So the trade I have been recommending for a while now is long GLD/Short TLT. It has been trading great, and I suspect it will continue to trade great.
Now typically in fund management, managers and allocators rely heavily on back testing as a way of working out the riskiness of a trade. This back testing would currently be suggesting that either the dollar is too strong, or bonds are oversold (which is exactly what the macro community is suggesting) The dollar appreciation from 2001 to 2015 coincided with GLD/TLT underperforming.
Separating out the performance of GLD and TLT, would lead you to think that gold looks overvalued. In this case, back testing would highlight that gold has held up well despite bonds being weak. In particular, when TLT was weak in 2014, gold got destroyed.
The combination of strong gold price and a strong dollar leads to the most arresting chart (for me in anyway), gold in yen terms. What I find extraordinary is that in 2001, gold in yen terms was the same price it was in 1978. No wonder Japan felt so wealthy in the 1990s and 2000s, but feels poor today. In 2016, I would have assumed a collapsing Chinese Yuan would drag down gold prices, but Chinese policy has been very pro-labour which is about supporting wages, not asset markets.
How do I fit all these contradictory signals together? Politics provides a much better way to understand this. In 2016 with the election of Trump, and 2020 with the election of Biden, we have had two “pro-labour” presidents. 2024 will most likely see the third straight “pro-labour” presidency (either Trump or Biden again). Pro labour policy in the US is a combination of tariffs, Buy American provisions, and low unemployment. I also see pro labour policy as being “strong dollar”. Why? Workers know when their wages buy less, so keeping real wages strong implies a strong currency. Also until 2016, free markets would push up undervalued currencies (and labour), and push down overvalued currencies (and labour). In a free market world, Japan with its deflation and constant trade surpluses would see a Yen rally. In a world where the US has tariffs and domestic production subsidies, the Yen is weak.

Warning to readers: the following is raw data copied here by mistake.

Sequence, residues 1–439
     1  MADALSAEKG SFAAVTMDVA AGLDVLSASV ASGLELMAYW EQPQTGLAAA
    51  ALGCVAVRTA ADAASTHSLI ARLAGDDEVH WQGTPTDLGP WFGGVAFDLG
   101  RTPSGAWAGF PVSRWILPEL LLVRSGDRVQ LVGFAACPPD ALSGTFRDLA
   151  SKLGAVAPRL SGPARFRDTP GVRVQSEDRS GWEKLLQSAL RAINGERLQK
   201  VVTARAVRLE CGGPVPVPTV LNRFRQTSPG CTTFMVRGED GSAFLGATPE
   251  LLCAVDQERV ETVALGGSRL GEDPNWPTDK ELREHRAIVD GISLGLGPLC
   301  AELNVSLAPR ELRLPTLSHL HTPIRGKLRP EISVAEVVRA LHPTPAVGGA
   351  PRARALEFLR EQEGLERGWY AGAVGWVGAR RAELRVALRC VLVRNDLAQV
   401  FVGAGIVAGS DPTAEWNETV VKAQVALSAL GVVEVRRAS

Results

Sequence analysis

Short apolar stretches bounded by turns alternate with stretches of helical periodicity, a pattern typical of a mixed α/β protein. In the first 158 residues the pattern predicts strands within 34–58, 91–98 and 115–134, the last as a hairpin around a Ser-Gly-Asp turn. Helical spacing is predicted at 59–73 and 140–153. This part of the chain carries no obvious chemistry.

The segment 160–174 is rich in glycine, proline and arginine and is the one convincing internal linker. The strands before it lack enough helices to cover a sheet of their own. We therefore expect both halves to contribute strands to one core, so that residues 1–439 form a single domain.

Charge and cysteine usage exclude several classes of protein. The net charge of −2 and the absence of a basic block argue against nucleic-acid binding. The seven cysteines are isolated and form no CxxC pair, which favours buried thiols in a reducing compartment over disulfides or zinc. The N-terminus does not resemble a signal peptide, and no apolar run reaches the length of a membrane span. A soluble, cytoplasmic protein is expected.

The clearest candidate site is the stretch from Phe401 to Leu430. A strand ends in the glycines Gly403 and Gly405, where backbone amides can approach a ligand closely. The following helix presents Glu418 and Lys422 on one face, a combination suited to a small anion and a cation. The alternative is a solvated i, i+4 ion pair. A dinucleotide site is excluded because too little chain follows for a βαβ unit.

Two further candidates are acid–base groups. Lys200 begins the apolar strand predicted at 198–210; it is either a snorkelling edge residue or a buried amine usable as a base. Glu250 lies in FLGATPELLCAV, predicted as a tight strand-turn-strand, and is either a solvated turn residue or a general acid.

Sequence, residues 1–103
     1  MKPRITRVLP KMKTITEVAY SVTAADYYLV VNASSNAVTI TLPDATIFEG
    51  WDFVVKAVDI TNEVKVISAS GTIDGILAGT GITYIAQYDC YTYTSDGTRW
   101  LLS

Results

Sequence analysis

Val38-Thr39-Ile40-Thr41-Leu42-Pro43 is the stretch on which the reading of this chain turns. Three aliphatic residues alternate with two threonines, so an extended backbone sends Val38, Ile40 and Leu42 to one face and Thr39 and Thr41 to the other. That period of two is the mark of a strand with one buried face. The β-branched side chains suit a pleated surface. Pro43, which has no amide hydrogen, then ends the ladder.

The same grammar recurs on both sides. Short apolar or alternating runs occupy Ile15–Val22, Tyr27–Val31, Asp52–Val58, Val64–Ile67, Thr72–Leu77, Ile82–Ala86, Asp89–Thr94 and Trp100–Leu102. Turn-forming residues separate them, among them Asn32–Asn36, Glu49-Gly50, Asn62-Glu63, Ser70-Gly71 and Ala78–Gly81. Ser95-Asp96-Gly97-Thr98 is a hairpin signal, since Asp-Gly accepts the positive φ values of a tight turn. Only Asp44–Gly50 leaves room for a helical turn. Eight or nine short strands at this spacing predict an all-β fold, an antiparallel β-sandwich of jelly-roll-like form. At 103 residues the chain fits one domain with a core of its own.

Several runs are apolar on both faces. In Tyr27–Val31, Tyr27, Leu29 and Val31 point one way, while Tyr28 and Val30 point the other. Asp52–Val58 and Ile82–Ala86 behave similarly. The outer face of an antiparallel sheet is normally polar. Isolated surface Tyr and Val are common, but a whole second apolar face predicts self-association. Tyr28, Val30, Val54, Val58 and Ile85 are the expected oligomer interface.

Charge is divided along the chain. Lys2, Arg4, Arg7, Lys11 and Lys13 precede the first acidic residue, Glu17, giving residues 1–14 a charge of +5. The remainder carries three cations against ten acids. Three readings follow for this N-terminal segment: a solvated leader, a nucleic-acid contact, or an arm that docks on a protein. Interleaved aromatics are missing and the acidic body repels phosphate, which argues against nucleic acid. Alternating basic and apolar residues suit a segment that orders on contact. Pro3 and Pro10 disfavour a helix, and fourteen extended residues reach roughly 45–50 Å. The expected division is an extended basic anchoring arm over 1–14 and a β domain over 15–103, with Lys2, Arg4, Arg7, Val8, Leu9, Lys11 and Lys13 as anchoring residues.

In a protectionist world pro-labour world, a trade surplus is a sign of economic weakness, not competitive strength. All of these are good for the US, except for one area. Treasuries. In the new world, where trade surpluses are weaknesses, why would anyone buy treasuries as a foreign reserve? Both economically and politically it makes no sense. Official holdings are beginning to reflect that reality.
So treasuries are a short - but why hold gold? Going back to Japan, in 2013 Abenomics was launched and is an extremely pro-capital policy. With the US moving to pro-labour, this has led to the break out of gold in yen terms. For me, if the Federal Reserve moves to pro-capital policies then I would expect a similar move in USD terms. Gold is held in place by tight monetary policy, and should the Fed go back to old habits, we should see gold move higher. GLD/TLT is what I call a “correlation break” trade, and is one of my tools for running net short. You can read more about it here. In essence a correlation break is when a macro relationship reverses, and catches the macro community out. What that means you can be long and short trades that should be positive correlated, and then make windfall gains when the correlation changes. GLD/TLT offers a template for this trade. As mentioned previously, I think private equity is probably the industry that dies in this correlation break.